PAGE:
Eek residents with new water service received added benefit of home maintenance education through ANTHC program collaborationNovember 12, 2018
The average person spends approximately 90 percent of their time indoors, where their health can be affected by the environment around them. Moisture control and ventilation are two important aspects of maintaining healthy home air quality. When piped water is first introduced to a home, additional moisture build-up occurs, which could lead to mold growth, infrastructure damage and respiratory illnesses.
In September, the ANTHC Tribal Air Quality and Healthy Homes Program collaborated with an ANTHC water service construction project in Eek to provide air quality and healthy homes services to complement the water and sewer hookup work. Teamwork between the two programs enhanced both services provided with two initiatives. First, the Air Quality and Healthy Homes Program conducted home assessments and provided education addressing the new air quality issues that may arise with the addition of running water and sanitation piping. Home assessments included diagnosing moisture issues, ventilation misuse, and other environmental hazards present in homes linked to health impacts. Second, was outreach to high school students on career and educational opportunities through the Alaska Native Tribal Health Consortium.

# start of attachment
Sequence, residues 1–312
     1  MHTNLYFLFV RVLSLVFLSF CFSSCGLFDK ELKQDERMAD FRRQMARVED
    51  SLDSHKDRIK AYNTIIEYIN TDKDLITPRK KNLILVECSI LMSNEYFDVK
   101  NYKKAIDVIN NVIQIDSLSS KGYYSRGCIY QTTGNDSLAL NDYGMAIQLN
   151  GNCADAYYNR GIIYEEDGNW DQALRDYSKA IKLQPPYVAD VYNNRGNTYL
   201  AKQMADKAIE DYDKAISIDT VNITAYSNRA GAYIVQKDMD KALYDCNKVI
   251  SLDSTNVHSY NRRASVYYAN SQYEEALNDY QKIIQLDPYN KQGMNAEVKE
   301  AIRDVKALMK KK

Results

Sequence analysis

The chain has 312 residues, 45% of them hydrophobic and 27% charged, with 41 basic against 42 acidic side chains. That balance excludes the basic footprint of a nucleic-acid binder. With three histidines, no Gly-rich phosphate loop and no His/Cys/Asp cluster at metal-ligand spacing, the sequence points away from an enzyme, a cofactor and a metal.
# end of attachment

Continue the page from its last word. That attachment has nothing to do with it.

ANTHC Air Quality and Healthy Homes staff traveled to Eek and met with ANTHC Environmental Health and Engineering staff to begin the home assessments and education for more than 100 homes. Assessments began with a visual inspection of homes and their ventilation systems followed by a brief healthy homes questionnaire. Residents then received home maintenance instructions and an Air Matters Toolkit containing items that would help them improve their indoor environment and address indoor air quality concerns.
The partnership across ANTHC programs provides a more comprehensive approach serving the people we work with. Not only has this community benefitted from access to running water and sanitation, but now have the education and tools on how to mitigate the moisture issues that comes with the addition of running water. Additionally, residents also gained the knowledge and tools on how to keep their homes healthy, which benefits the residents’ health and their infrastructure. This project has shown the importance of teamwork throughout the Consortium all while bringing us closer to ANTHC’s vision that Alaska Native people are the healthiest people in the world.